Collage Pack B

wearing the sackcloth
B1: 5'2 in the St Andrews' Sackcloth, Fife (A2)
wearing jougs
B2: 5'11 wearing jougs at Dowally, (D6)
B3: Discipline stools (B3 and B7)
B4: Phenomenology at Eckford, Scottish Borders (D8)
B5: Jougs from Eckford (D8)
joug parts
B6: Parts of the jougs
B7: St Andrews branks (C6)
B8: Phenomenology at Oxnam, Scottish Borders (D10)
views of church
B9: Interior views at Spott T-plan church focused upon the pulpit (D9)
bible quote
B10: Everlasting fire: Matthew 8: 18
plan of church
B11: The interior plan of a typical medieval church. The chapels to the saints in such churches were decorated with paintings and stained glass showing stories from the Bible and the lives of the saints.
B12: Map of Scotland showing early parishes, extant artefacts and proportional representation of regional witch trials
word collage
B13: Routes to salvation before and after the Reformation
grave stone
B14: Early 18th-century grave stone at Fowlis Easter, Angus. This stone, dated 1704 bears two engravings, the upper reading 'No repentance from the grave', the lower 'your [hour]glass is running. During the Reformation Scots were experiencing the transition from a culture of purgatory and indulgences to one of such messages.
bible quote
B15: The coming of The End: 2 Peter 3: 10
bible quote
B16: The Brankit Bitch: James 37: 8
reglious artwork
B17: The price of iconoclasm: medieval artwork concealed for centuries at Fowlis Easter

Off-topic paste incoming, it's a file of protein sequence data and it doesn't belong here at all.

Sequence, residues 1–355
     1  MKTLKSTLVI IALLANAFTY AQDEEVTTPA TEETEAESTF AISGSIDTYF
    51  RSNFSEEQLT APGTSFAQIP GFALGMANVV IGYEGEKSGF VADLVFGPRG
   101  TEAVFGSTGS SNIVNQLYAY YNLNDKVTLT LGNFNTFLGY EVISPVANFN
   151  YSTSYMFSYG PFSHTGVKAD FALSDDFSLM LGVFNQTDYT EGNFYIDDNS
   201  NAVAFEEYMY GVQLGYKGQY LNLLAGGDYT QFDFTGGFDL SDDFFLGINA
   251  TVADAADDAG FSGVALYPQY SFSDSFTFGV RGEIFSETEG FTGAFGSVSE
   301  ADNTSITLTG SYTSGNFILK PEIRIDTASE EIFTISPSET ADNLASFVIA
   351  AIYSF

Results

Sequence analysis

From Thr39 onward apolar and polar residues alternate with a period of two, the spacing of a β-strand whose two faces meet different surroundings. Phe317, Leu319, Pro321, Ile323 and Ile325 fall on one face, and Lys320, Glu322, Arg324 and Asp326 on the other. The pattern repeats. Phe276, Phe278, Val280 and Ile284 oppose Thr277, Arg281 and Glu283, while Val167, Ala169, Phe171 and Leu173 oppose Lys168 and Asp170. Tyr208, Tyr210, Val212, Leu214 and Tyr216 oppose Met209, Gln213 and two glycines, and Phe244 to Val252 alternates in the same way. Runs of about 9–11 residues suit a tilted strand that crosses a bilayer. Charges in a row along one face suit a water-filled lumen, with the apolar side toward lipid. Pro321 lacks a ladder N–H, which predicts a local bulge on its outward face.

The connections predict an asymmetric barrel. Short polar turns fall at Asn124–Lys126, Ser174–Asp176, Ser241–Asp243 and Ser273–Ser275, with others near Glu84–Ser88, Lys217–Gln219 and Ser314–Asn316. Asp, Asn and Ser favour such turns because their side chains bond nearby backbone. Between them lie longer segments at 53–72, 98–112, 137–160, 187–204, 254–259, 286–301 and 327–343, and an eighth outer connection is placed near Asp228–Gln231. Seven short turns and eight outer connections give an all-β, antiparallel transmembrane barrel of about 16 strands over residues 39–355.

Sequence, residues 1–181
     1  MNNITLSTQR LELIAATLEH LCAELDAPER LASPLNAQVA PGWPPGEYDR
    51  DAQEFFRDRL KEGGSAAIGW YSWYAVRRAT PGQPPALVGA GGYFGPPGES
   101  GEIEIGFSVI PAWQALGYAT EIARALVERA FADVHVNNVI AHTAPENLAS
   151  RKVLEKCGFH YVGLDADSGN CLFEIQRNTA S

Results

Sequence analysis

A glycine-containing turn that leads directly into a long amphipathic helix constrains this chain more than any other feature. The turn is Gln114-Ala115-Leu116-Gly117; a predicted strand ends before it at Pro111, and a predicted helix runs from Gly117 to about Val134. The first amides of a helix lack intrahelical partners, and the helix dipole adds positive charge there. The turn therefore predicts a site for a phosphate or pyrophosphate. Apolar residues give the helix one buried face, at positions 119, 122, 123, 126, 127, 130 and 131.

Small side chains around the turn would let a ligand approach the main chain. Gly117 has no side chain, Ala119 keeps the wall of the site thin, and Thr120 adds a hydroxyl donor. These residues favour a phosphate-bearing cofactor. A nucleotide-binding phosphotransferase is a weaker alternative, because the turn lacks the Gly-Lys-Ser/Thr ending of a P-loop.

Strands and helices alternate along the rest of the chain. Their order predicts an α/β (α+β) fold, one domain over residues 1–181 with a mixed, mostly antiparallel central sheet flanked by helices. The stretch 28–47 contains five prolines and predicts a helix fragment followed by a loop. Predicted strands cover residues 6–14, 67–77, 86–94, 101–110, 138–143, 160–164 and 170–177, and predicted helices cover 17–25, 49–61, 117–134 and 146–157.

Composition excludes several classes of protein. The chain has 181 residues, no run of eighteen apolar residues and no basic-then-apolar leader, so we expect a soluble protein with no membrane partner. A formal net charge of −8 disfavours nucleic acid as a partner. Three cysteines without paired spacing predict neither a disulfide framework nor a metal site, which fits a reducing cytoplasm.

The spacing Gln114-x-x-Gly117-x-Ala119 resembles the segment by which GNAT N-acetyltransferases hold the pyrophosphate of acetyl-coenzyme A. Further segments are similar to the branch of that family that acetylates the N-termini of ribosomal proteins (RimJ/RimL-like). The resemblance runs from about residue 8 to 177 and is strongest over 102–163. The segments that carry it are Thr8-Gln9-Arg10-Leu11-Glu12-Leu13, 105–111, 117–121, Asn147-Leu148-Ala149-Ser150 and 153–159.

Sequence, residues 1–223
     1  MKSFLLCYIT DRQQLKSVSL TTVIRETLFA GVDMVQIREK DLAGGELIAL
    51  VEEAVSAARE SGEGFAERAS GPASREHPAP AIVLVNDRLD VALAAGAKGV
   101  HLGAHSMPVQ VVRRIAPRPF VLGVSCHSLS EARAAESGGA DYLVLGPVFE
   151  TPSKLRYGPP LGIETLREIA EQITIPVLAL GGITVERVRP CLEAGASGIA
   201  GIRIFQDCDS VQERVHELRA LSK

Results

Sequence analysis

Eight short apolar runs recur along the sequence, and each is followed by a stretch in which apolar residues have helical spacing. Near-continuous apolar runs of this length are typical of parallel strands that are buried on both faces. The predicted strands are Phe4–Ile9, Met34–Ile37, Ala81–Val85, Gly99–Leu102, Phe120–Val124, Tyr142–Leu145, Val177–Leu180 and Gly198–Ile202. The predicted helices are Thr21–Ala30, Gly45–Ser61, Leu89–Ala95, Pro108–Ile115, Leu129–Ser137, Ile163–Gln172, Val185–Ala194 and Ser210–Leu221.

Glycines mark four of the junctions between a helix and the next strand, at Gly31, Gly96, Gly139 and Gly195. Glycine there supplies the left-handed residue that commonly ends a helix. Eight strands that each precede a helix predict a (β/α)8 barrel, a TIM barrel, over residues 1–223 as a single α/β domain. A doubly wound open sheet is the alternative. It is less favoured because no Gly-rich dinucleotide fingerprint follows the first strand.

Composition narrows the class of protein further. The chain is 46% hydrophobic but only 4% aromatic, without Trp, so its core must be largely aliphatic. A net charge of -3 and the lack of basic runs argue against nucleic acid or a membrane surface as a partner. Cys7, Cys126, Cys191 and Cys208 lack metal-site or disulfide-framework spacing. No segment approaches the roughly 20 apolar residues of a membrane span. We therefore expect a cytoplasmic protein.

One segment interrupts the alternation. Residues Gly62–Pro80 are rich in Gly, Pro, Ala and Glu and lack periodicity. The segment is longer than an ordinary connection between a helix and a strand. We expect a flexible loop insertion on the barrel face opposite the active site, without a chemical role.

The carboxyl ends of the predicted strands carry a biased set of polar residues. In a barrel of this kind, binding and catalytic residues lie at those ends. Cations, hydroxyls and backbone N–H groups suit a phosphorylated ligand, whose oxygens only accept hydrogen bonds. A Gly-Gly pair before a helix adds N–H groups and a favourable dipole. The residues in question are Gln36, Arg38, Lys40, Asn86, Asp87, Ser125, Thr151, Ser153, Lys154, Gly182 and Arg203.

bible quote
B18: The body of Christ: 1 Corinthians 12-12, 26
bell tower
B19: 16th-century church bell at Fowlis Easter, Angus. This bell bears the date 1508, and would have rung over the heads of penitents standing in the jougs (D16).
B20: Examples of stained glass windows, Glasgow University Chapel, Glasgow
outside church wall
B21: Extant evidence showing where the jougs were once attached to the south-facing wall of Fowlis Easter Parish kirk. Although not medieval, the stained glass at Glasgow University Chapel gives an indication of the visual world being dismantled during the Reformation.
B22: Losing saintly intervention: medieval artwork revealed at Fowlis Easter. Kirk session records show these panels were painted over sometime in 1616 (Dalgetty 1933, 69), only to be revealed at the turn of the 20th Century.
horse with bible quote
B23: The mouth must be held by bit and bridle: Psalm 32: 9
B24: Iconoclasm at Fowlis Easter: the broken faces of a medieval ambry. In most contexts, the ambry itself would not have survived iconoclasm. In this case the faces appear to have been intentionally removed, and later replaced.